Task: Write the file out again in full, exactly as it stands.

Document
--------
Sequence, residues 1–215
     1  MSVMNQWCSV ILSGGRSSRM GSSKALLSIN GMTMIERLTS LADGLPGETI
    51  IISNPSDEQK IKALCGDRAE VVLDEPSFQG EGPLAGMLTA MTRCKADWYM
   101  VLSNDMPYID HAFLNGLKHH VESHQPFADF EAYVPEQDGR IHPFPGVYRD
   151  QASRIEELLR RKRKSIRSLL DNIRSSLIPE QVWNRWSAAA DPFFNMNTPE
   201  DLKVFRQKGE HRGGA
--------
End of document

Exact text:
Sequence, residues 1–215
     1  MSVMNQWCSV ILSGGRSSRM GSSKALLSIN GMTMIERLTS LADGLPGETI
    51  IISNPSDEQK IKALCGDRAE VVLDEPSFQG EGPLAGMLTA MTRCKADWYM
   101  VLSNDMPYID HAFLNGLKHH VESHQPFADF EAYVPEQDGR IHPFPGVYRD
   151  QASRIEELLR RKRKSIRSLL DNIRSSLIPE QVWNRWSAAA DPFFNMNTPE
   201  DLKVFRQKGE HRGGA